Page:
Salivary gland function, repair, and regeneration are compromised after loss of parasympathetic innervation. However, the role ofthe nerves in repair/regeneration remains poorly understood. The objective ofthis study is to investigate the mechanisms of neuronal-epithelial communication between the submandibular gland (SMG) and the parasympathetic submandibular ganglion during embryonic development.
The specific aims are to: 1) determine the mechanisms by which acetylcholine released from the neurons influences epithelial morphogenesis, and 2) determine the mechanisms by which the neurotrophic growth factor neurturin, which is secreted from the epithelium, influences neuronal function and epithelial morphogenesis. Goals include: elucidating the signaling pathways activated by the nerves that govern epithelial progenitor ceil self-renewal versus differentiation, investigating the influence of acetylcholine/musarinic/EGFR signaling on progenitor cell migration and polarization, and identifying the mechanisms by which neurturin promotes both epithelial and neuronal survival and regeneration after gamma radiation-induced injury. These goals will be achieved using well-defined ex vivo SMG and organotypic culture models in conjunction with genetic, biochemical, immunochemical, and fluorescence imaging techniques. These studies will facilitate our understanding of how salivary glands develop, repair, and regenerate, with the long-term aim of providing therapeutic approaches for re-establishing glandular structure and function after disease or injury.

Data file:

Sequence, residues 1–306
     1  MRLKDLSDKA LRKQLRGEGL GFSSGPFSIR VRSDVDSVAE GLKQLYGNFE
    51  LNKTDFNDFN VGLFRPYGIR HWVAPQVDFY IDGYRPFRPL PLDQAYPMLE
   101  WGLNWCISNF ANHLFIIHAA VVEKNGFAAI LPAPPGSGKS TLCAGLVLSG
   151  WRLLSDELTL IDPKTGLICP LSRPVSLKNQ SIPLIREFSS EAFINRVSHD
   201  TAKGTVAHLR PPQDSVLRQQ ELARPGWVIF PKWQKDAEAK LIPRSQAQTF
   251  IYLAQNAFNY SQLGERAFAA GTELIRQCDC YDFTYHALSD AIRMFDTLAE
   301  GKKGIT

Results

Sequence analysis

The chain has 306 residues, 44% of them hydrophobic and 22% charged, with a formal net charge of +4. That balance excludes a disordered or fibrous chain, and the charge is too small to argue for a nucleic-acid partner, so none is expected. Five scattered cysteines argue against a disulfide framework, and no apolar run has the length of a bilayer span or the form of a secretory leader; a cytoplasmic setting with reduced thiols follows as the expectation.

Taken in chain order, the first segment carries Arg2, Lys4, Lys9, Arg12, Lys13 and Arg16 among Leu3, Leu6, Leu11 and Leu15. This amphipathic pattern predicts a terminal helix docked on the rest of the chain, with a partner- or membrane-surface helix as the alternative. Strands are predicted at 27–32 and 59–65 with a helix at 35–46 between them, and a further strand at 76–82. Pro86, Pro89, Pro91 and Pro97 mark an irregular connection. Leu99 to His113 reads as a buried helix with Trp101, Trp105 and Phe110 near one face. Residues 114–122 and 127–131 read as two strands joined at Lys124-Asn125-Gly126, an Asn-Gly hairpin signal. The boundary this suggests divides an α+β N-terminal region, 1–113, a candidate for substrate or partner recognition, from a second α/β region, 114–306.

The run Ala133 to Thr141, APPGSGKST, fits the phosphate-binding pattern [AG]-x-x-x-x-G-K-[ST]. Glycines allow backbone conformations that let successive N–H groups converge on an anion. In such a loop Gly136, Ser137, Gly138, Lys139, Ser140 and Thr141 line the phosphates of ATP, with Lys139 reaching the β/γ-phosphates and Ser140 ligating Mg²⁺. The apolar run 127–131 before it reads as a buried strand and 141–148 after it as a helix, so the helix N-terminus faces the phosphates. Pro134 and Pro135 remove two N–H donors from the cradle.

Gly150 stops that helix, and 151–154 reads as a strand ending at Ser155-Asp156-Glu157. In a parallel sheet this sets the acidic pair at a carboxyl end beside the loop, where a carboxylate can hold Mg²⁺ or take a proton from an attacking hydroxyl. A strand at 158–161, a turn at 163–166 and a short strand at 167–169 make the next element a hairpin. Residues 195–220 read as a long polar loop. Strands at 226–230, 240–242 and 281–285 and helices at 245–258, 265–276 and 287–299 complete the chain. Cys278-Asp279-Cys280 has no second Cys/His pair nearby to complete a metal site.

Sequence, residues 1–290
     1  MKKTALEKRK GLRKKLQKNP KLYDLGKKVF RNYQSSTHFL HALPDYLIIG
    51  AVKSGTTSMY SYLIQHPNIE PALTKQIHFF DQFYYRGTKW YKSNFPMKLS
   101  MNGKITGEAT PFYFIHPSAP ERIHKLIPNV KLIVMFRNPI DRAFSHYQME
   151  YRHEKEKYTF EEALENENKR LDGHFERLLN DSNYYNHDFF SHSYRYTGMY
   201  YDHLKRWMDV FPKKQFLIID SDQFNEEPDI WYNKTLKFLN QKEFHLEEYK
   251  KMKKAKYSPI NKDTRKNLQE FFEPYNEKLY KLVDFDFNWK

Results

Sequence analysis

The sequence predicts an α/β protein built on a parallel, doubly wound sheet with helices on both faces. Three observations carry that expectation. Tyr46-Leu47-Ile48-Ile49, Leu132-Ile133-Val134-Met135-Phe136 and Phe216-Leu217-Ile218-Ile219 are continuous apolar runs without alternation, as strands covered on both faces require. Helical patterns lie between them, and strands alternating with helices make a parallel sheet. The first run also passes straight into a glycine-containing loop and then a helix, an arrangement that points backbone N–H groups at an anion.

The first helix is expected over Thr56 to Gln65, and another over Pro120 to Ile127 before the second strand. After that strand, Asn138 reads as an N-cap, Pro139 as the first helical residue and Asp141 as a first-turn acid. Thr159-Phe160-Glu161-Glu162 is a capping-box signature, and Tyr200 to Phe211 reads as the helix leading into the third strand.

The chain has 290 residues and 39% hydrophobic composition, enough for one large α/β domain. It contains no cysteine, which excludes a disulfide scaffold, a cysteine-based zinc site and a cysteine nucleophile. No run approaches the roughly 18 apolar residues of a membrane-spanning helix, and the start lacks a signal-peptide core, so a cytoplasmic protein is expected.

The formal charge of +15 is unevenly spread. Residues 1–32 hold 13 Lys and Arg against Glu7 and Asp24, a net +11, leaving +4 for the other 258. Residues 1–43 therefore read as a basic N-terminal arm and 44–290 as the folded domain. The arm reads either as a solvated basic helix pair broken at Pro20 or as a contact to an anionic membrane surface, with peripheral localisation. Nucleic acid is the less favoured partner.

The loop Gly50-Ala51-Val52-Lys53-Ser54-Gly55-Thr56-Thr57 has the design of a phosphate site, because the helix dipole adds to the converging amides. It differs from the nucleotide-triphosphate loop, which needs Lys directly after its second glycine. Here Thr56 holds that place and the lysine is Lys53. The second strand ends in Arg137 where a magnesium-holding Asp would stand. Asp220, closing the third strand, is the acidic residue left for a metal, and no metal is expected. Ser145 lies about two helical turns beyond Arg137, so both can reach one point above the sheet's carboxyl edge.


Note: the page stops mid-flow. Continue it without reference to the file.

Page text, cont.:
Public Health Relevance

Both the function and regeneration of the salivary gland organ system are entirely dependent on innervation by the autonomic nervous system. Little is known about the development or integration of the parasypathetic submandibular ganglion into the glandular tissue. Understanding the nature of these interactions and the factors involved will be essential to replacing and/or regenerating salivary glands after pathological gland destruction, surgical removal, or salivary dysfunction.

Agency
National Institute of Health (NIH)
Institute
National Institute of Dental & Craniofacial Research (NIDCR)
Type
Research Transition Award (R00)
Project #
5R00DE018969-04
Application #
8584229
Study Section
Special Emphasis Panel (NSS)
Program Officer
Burgoon, Penny W
Project Start
2012-01-24
Project End
2014-12-31
Budget Start
2014-01-01
Budget End
2014-12-31
Support Year
4
Fiscal Year
2014
Total Cost
$224,100
Indirect Cost
$66,170
Name
University of California San Francisco
Department
Anatomy/Cell Biology
Type
Schools of Dentistry
DUNS #
094878337
City
San Francisco
State
CA
Country
United States
Zip Code
94143
Nedvetsky, Pavel I; Emmerson, Elaine; Finley, Jennifer K et al. (2014) Parasympathetic innervation regulates tubulogenesis in the developing salivary gland. Dev Cell 30:449-62